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Mar 27, 2007
This backgrounder was originally published on January 16, 2007, updated on March 27, 2007, and further updated on June 28, 2007.
Issue: On December 7, 2006 the United States Supreme Court granted certiorari to hear the case of Leegin Creative Leather Products, Inc. v. PSKS, Inc. This case involves the question of whether vertical minimum resale price maintenance agreements will continue to be deemed per se illegal under 1 of the Sherman Antitrust Act.
Factual and Procedural Background: The Petitioner, Leegin, a clothing manufacturer, entered into an agreement with PSKS pursuant to which PSKS would sell a women’s clothing line manufactured by Leegin. Leegin instituted a policy stating that it would only do business with retailers that would apply Leegin’s suggested retail prices, and would not discount items contrary to that policy. When it discovered that PSKS had, in fact, violated this policy, it discontinued shipments of the products to PSKS. PSKS subsequently brought an action under 1 of the Sherman Antitrust Act alleging that Leegin entered into illegal agreements with retailers to fix prices, and seeking damages. The jury in the District Court found for PSKS and awarded damages.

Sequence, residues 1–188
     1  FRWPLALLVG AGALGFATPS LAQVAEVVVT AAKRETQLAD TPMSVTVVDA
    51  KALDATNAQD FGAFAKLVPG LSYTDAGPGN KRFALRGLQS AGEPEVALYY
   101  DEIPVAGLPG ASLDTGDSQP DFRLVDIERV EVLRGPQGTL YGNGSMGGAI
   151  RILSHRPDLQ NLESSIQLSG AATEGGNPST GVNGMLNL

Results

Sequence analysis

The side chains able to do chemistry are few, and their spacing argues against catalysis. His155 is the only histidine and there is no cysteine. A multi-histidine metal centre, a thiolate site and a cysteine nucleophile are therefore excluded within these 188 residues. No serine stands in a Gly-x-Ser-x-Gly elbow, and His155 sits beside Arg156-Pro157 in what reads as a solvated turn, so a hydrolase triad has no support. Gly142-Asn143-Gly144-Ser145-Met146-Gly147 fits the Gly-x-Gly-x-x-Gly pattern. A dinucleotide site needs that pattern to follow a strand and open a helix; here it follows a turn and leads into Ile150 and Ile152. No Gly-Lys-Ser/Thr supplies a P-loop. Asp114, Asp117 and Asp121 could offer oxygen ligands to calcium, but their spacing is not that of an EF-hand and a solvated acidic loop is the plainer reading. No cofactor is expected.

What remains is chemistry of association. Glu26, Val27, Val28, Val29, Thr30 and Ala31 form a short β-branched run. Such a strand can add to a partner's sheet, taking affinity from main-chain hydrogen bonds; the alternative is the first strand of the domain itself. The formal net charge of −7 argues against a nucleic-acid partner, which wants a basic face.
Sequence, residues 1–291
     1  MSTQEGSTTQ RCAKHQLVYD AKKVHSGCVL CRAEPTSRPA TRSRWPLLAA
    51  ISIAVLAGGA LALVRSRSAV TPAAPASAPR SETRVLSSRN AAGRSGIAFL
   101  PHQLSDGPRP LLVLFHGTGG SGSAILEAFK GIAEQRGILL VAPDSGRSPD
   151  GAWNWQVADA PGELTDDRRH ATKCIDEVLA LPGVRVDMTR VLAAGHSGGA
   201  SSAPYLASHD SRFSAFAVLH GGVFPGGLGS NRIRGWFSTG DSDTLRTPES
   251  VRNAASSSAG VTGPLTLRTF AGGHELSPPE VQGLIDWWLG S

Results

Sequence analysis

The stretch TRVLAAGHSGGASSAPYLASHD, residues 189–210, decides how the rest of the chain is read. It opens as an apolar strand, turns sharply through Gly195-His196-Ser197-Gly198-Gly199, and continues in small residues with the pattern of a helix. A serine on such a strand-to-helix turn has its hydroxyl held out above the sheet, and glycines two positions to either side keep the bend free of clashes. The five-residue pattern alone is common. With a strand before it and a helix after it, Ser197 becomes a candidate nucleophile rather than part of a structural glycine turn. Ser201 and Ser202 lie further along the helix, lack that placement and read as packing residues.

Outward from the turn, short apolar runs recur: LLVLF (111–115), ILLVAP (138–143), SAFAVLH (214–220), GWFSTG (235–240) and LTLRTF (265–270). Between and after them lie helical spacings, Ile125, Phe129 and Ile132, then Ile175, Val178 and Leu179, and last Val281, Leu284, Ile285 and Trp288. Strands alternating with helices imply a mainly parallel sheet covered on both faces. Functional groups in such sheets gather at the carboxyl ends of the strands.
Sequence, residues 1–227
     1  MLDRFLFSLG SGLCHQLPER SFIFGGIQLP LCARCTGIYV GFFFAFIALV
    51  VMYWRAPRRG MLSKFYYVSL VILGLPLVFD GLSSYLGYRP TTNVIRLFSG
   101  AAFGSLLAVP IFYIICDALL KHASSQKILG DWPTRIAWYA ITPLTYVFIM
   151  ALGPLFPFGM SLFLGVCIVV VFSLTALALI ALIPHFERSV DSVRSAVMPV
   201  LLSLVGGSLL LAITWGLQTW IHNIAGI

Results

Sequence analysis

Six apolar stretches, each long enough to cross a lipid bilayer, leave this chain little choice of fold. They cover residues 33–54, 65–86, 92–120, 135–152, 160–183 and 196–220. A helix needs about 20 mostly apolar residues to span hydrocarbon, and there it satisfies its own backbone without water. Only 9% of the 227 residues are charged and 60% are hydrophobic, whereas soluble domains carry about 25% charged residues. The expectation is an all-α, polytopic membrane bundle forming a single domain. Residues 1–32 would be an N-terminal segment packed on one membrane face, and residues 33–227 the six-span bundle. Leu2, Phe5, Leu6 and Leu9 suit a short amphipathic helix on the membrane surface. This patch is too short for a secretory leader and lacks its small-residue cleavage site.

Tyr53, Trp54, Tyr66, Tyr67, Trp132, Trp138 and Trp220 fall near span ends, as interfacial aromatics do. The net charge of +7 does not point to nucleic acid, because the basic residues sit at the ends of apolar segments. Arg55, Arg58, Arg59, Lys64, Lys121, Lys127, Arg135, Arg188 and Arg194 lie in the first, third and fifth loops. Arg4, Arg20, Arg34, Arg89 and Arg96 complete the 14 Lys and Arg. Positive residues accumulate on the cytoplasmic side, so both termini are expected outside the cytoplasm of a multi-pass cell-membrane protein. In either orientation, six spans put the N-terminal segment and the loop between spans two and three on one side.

On Appeal: The Fifth Circuit subsequently affirmed the trial court’s decision and affirmed that the per se rule applicable to cases involving vertical price fixing applied to this case. Beginning with the decision of Dr. Miles Medical Co. v. John D. Park & Sons Co., 220 U.S. 373 (1911), the Supreme Court has held that vertical resale price maintenance agreements shall be deemed per se illegal under 1 of the Sherman Antitrust Act. The Fifth Circuit held that the Supreme Court has consistently applied the per se rule to cases involving vertical price-fixing arrangements, and that they were “bound” by the Supreme Court”s holding in Dr. Miles. PSKS, Inc. v. Leegin Creative Leather Products, Inc., 171 Fed. Appx. 464 (5th Cir. 2006). Leegin petitioned the Supreme Court to review this case arguing that the Supreme Court should overrule Dr. Miles, arguing that the per se rule “squarely conflicts with accumulated economic knowledge which recognizes that vertical minimum resale price maintenance can have significant procompetitive effects,” and further arguing that the per se rule is not supported by the Court’s recent economic approach to antitrust. Petitioner’s Brief at 2 (emphasis in original). The parties and several amici curiae filed briefs. The Court heard oral argument in this case on March 26, 2007. Decision: The Court issued its opinion on June 28, 2007. The Court ruled for the petitioner, overruled the Dr. Miles decision, and held that the rule of reason was the appropriate standard for evaluating vertical price restraints.